Anxiety and depression are psychological distress commonly found in patients with HF [11,14]. Anxiety refers to an unpleasant and abstract negative emotional reaction that results from the perception of a particular situation being threatened [15,16]. Depression refers to a mental condition with depressed mood, loss of interest, feelings of guilt, low self-worth, disturbed sleep, loss of appetite, low energy and poor concentration [17]. These two emotions can adversely affect health status [18-21] and are closely associated with mortality in cardiac patients [22,23].

Patients with HF are reported to be at higher risk of Sudden Cardiac Death (SCD) [1,2]. SCD refers to an unexpected death that occurs within an hour of onset of symptoms or within 24 hours without prior symptoms [24,25]. SCD is caused by life-threatening ventricular arrhythmias, commonly Ventricular Tachycardia (VT), or Ventricular Fibrillation (VF) [25]. To reduce SCD occurrence in HF patients, an Implantable Cardioverter Defibrillator (ICD) is commonly used as a favourable medical treatment for SCD [24,26]. Apart from the delivery of ICD shock, current ICD’s are built as a combination of two important functions: Anti-Tachycardia Pacing (ATP) and Cardiac Resynchronization Therapy (CRT). ATP is a function that delivers a faster rhythm to override the tachycardia and CRT delivers impulses to stimulate both ventricles to contract simultaneously to improve cardiac performance. This device is called Cardiac Resynchronization Therapy Defibrillator (CRT-D) [27-29].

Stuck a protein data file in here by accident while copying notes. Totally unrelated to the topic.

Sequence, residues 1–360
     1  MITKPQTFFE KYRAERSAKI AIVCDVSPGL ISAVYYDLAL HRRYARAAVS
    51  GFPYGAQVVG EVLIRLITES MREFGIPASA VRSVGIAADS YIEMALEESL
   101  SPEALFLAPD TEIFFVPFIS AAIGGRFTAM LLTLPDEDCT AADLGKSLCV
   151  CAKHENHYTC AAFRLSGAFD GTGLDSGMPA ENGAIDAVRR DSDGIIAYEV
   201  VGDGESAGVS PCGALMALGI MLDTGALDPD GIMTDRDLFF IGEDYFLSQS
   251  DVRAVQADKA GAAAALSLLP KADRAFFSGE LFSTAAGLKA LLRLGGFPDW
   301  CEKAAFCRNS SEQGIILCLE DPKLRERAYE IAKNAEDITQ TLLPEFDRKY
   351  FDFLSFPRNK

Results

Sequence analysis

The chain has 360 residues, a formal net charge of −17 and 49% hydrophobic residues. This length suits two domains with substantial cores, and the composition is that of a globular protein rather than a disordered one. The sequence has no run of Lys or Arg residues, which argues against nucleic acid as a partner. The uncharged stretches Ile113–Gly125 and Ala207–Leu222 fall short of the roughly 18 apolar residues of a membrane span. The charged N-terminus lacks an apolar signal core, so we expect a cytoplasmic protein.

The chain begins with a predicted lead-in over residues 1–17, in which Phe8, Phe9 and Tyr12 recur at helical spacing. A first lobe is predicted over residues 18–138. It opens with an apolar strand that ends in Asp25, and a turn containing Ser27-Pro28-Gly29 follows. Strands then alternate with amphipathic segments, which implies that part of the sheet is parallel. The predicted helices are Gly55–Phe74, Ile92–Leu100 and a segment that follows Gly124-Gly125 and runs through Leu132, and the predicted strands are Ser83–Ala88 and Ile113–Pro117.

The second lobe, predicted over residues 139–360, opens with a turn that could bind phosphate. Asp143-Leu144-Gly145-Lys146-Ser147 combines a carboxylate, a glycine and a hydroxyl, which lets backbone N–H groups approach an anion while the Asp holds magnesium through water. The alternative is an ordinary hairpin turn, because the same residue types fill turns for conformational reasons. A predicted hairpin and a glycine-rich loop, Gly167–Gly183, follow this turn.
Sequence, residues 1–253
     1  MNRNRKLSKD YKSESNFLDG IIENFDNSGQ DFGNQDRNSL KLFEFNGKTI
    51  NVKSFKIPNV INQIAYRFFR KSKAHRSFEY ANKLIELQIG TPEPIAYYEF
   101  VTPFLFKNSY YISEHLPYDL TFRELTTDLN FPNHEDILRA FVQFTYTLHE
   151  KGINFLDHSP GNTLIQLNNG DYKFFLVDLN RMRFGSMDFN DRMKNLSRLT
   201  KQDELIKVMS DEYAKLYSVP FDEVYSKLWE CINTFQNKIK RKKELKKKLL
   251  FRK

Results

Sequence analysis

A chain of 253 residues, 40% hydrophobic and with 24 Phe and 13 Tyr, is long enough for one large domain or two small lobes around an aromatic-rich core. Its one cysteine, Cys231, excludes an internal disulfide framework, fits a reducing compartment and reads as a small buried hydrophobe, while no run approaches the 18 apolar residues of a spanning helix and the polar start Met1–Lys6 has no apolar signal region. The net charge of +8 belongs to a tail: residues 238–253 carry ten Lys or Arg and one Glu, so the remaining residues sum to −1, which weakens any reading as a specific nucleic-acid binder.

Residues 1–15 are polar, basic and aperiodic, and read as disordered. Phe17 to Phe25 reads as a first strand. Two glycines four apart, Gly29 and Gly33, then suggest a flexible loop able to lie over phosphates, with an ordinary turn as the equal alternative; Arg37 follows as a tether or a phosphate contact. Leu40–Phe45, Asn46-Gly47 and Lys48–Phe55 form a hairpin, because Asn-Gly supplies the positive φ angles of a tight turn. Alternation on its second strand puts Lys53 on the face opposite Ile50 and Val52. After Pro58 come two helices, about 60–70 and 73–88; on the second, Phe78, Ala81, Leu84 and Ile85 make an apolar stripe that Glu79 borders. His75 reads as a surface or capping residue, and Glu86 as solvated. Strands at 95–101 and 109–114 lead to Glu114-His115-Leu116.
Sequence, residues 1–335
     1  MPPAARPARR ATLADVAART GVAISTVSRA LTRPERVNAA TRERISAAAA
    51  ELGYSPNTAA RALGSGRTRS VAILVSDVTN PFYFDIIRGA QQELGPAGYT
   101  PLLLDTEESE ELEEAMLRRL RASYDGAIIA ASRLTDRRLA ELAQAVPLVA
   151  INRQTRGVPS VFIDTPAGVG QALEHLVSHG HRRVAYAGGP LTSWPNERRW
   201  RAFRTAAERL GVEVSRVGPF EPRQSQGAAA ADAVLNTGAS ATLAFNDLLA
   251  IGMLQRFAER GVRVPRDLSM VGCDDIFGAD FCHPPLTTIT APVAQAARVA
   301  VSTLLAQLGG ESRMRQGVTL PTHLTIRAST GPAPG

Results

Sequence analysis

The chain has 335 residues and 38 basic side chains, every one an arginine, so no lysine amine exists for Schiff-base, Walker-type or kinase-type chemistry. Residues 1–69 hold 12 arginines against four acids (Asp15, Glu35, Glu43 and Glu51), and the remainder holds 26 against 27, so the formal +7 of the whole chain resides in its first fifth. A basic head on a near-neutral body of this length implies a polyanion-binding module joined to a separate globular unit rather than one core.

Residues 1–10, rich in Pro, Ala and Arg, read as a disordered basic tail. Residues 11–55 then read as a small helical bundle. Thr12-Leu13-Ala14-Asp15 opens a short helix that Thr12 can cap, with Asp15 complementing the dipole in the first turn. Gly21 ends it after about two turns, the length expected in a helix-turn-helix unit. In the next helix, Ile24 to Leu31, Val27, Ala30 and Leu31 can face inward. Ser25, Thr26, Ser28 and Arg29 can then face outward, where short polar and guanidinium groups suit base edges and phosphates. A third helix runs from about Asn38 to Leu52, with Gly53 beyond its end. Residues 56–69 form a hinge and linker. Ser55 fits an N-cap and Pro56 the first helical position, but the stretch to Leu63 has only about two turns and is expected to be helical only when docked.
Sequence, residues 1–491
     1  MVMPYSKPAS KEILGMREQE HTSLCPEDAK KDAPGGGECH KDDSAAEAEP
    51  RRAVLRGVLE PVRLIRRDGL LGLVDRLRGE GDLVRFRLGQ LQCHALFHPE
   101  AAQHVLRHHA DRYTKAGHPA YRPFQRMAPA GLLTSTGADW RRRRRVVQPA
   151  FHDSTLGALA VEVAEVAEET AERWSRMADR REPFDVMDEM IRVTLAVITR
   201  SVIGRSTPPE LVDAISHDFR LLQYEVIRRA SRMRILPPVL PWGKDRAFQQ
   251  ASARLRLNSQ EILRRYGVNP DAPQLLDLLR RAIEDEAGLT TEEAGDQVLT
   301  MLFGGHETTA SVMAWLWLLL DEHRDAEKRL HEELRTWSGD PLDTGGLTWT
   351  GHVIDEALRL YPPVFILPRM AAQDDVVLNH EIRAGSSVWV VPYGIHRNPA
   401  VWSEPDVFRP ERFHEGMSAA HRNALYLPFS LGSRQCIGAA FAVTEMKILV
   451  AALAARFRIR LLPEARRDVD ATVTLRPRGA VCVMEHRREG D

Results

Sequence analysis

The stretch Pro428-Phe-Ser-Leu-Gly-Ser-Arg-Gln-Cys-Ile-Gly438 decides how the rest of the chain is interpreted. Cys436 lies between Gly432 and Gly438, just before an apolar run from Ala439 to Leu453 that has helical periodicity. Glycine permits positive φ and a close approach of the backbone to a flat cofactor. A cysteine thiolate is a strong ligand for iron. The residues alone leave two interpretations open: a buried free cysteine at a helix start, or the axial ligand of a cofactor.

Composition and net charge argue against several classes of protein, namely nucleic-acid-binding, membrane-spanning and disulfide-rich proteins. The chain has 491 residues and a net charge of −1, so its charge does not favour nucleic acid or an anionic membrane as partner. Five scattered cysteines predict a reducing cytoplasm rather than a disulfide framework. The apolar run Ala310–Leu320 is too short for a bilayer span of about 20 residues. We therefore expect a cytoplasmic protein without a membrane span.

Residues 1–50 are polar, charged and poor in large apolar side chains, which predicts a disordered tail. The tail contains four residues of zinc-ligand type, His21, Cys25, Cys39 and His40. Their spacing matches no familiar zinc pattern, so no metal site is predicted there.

Despite its mortality reduction, ICD was reported to increase psychological distress and lower HRQoL [30-32]. The HF population was reported to have a poorer psychological status [12,15,26] and HRQoL [8-10]. Although the application of ICD in the HF population has increased, there is still insufficient knowledge about psychological status and HRQoL among HF patients who have received ICD. Therefore, this study aimed to 1) understand psychological status and HRQoL perspectives of this specific population and 2) identify associated factors in order to formulate strategies targeting risk factors for optimizing HRQoL outcomes.

To facilitate the understanding of factors associated with psychological distress (anxiety and depression) and HRQoL (physical and mental health), a modified conceptual framework (Figure 1) was used based on the original version was developed by Wong et al. [13].